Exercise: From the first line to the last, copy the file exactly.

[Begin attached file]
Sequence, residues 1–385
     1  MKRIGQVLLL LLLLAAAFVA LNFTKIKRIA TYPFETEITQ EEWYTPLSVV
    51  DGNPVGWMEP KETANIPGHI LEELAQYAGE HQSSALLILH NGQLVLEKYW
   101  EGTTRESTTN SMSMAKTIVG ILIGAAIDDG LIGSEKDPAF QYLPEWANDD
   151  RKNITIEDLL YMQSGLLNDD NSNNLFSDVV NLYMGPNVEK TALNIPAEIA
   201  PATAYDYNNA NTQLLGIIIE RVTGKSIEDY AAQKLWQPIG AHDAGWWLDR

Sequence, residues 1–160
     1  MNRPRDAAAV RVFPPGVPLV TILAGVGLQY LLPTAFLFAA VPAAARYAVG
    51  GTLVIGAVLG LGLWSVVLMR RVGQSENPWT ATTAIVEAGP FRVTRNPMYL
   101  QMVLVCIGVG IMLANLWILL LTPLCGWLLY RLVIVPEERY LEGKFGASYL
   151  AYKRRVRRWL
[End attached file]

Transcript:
Sequence, residues 1–385
     1  MKRIGQVLLL LLLLAAAFVA LNFTKIKRIA TYPFETEITQ EEWYTPLSVV
    51  DGNPVGWMEP KETANIPGHI LEELAQYAGE HQSSALLILH NGQLVLEKYW
   101  EGTTRESTTN SMSMAKTIVG ILIGAAIDDG LIGSEKDPAF QYLPEWANDD
   151  RKNITIEDLL YMQSGLLNDD NSNNLFSDVV NLYMGPNVEK TALNIPAEIA
   201  PATAYDYNNA NTQLLGIIIE RVTGKSIEDY AAQKLWQPIG AHDAGWWLDR

Sequence, residues 1–160
     1  MNRPRDAAAV RVFPPGVPLV TILAGVGLQY LLPTAFLFAA VPAAARYAVG
    51  GTLVIGAVLG LGLWSVVLMR RVGQSENPWT ATTAIVEAGP FRVTRNPMYL
   101  QMVLVCIGVG IMLANLWILL LTPLCGWLLY RLVIVPEERY LEGKFGASYL
   151  AYKRRVRRWL